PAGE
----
Elizabeth Barrette (ysabetwordsmith) wrote,
Elizabeth Barrette
ysabetwordsmith

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Poem: "Proving a Negative"

This poem came out of the February 2016 [community profile] crowdfunding Creative Jam. It was inspired by a prompt from [personal profile] siliconshaman. It also fills the "asexual / demisexual species" square in my 1-23-16 Platonic card for the Valentine's Day Bingo fest. This poem has been sponsored by daisiesrockalot. It belongs to The Blueshift Troupers shared world.

Warning: This poem contains some intense topics. Highlight to read the warnings, some of which are spoilers. It features a botched first contact, intolerance of asexuality, sexual assault, and other challenges. If these are sensitive issues for you, please consider your tastes and headspace before reading onward.


"Proving a Negative"


First contact was such a disaster that
if it hadn't been for second contact, there
might have been a complete withdrawal.

The planet known as Aspen was
discovered during an exploratory mission
out in the fringes of the Laceum.

The crew who found it were
delighted to meet new people,
but soon they realized that
the residents of Aspen were
not the same as other humans.

They lived in Families,
but not in couples.

There were children,
but not pregnant women.

When asked where the babies
had come from, the locals
shrugged and said, "From
the Child Gardens, of course."

The spacers were rather insulted
that anyone thought they'd believe
the cabbage story at their age.

They insisted that somebody,
somewhere, had to be having sex
no matter how repulsed the locals
were by that insinuation.

"You can't prove a negative,"
the captain grumbled when
the natives claimed to have
neither the ability nor
the interest for sex.

There were arguments,
mostly quiet at first, but then
the explorers became more violent.

There were a few sexual assaults
by spacers saying things like,
"How do you know you don't
like it if you haven't tried it?"
and "Maybe you just haven't
met the right man yet."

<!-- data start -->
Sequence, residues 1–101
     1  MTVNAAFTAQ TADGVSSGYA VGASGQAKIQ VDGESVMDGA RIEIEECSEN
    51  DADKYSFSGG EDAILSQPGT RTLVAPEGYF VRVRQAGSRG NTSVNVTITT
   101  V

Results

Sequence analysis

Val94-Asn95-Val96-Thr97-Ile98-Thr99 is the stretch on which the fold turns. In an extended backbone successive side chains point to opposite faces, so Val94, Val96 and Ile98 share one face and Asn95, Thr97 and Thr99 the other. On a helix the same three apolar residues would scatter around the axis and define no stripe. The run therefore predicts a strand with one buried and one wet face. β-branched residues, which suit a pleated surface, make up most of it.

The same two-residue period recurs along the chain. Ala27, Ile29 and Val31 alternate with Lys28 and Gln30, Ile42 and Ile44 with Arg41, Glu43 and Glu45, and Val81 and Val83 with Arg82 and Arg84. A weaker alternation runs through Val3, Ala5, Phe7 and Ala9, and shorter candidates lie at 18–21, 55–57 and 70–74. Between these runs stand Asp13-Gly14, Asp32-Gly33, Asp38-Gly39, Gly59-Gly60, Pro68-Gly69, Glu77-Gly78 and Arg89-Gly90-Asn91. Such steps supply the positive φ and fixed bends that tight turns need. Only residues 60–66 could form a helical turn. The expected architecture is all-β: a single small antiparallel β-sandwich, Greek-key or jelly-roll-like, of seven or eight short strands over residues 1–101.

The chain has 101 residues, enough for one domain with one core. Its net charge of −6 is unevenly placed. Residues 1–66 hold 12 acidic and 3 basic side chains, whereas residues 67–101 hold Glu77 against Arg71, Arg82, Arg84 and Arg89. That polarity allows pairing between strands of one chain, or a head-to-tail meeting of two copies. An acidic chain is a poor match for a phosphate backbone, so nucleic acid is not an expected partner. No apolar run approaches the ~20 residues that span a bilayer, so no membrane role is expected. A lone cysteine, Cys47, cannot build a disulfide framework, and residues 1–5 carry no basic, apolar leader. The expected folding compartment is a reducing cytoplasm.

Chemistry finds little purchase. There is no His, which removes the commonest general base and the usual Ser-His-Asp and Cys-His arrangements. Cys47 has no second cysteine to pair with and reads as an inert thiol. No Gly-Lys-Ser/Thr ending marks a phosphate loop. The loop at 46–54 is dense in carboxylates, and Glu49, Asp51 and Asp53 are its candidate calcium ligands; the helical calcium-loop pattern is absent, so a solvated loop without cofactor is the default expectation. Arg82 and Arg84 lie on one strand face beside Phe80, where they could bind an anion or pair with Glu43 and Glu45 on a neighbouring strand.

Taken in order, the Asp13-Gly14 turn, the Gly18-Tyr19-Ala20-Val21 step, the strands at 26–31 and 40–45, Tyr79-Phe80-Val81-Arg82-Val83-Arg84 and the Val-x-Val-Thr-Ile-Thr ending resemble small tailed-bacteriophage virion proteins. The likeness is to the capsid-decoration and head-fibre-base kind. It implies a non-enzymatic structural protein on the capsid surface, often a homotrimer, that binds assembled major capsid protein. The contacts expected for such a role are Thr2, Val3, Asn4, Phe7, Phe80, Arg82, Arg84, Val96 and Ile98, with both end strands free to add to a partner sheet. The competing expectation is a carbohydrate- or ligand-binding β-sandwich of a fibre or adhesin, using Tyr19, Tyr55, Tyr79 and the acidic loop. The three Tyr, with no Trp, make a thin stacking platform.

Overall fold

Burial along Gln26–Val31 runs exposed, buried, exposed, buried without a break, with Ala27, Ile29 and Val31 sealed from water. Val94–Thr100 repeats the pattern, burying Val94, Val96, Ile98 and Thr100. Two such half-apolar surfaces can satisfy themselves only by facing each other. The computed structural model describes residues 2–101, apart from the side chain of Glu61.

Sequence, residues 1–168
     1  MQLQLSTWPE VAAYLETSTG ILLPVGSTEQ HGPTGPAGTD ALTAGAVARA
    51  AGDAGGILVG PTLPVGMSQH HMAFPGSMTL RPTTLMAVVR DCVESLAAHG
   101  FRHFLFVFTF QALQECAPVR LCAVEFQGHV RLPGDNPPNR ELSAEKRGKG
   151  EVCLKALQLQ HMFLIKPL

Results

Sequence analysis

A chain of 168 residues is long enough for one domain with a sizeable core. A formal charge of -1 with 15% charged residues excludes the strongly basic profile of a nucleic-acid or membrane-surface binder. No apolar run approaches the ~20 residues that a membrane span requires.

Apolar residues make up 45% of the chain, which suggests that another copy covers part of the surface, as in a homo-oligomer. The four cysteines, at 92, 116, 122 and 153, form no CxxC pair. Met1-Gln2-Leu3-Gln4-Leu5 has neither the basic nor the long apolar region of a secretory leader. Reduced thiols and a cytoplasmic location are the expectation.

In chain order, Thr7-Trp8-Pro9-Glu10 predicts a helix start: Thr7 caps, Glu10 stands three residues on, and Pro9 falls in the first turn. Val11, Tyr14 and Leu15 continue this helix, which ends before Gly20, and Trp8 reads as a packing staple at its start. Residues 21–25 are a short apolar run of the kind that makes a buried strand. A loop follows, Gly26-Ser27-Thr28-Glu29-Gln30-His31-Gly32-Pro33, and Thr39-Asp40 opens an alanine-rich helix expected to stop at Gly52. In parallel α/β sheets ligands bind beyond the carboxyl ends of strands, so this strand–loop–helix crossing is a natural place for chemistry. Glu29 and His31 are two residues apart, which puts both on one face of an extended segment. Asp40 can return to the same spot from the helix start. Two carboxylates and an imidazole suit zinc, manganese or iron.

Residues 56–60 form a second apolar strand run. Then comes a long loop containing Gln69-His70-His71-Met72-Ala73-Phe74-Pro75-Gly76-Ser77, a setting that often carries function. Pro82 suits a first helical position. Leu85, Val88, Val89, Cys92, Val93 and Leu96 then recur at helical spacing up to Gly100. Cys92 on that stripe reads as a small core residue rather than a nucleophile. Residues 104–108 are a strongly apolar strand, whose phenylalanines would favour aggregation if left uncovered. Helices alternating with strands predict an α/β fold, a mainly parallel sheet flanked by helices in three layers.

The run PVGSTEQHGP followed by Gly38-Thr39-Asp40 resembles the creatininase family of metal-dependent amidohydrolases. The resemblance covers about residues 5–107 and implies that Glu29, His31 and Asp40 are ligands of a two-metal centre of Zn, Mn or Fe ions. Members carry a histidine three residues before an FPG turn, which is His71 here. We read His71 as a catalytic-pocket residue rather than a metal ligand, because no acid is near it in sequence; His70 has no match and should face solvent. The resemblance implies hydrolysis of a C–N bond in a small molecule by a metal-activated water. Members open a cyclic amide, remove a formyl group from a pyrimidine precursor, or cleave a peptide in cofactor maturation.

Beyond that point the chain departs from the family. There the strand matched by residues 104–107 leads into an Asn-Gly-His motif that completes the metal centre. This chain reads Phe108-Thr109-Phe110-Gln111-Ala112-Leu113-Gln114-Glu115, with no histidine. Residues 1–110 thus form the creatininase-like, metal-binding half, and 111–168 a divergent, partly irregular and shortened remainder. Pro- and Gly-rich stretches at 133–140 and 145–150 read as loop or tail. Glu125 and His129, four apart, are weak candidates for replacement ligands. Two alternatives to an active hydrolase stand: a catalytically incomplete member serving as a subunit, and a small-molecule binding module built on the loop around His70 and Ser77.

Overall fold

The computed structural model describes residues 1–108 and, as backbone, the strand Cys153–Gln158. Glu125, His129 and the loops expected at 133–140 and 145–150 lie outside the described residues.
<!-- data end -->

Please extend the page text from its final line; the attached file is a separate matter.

Soon a team of shapeshifters
had to be called to Aspen
to clean up the mess.

They didn't argue with the natives.
They smiled and nodded and asked
to be shown the Child Gardens.

The gardens were serene and beautiful
under trees with quaking green leaves.

Now and then a pod would open,
very much like the bassinet pods
that a hiveship could grow, and
reveal a new infant ready to be
taken up by human hands.

"When our ancestors first came here,
their ship crashed," said the head gardener.
"They thought it was an accident, but then
the pods sprouted and they realized that
God had given them a way to renew
the community without sin."

On closer examination, the natives
turned out to be biologically asexual.
They still had male and female organs,
but those were mostly vestigial.

The Child Gardens really were
the source of the colony's reproduction,
somehow gathering genetic material
from people and using it to make
the infants who grew in the pods.

Adults wishing to raise a child
had only to inform the gardeners
and wait for a pod to mature.

So they were officially declared
a new species, Homo tremuloides,
in honor of the Shaker ancestors
who had sought freedom in the stars

and found far more than they ever hoped.

* * *

Notes:

Asexuality is an orientation of people who do not feel drawn to copulate. Learn how to understand asexual people and consider whether you are asexual.

Shakers represent an interesting confluence of religion and asexuality. Some people wonder whether sex will die out.

The quaking aspen, or Populus tremuloides, is a tree whose leaves stir in the slightest breeze.

Asexual and sexual reproduction both appear in nature, with many variations. Ferns and honeybees have asexual modes. Several organisms use a polyp-and-medusa cycle of asexual and sexual modes. Jellyfish may even appear in single-sex populations.

Species can be defined in various ways, but among the more robust markers is a population that can reproduce within itself but not with other populations. Because the colonists have a different method of reproduction, this distinguishes Homo tremuloides from Homo sapiens.
Tags: cyberfunded creativity, fishbowl, gender studies, poem, poetry, reading, science fiction, space exploration, weblit, writing
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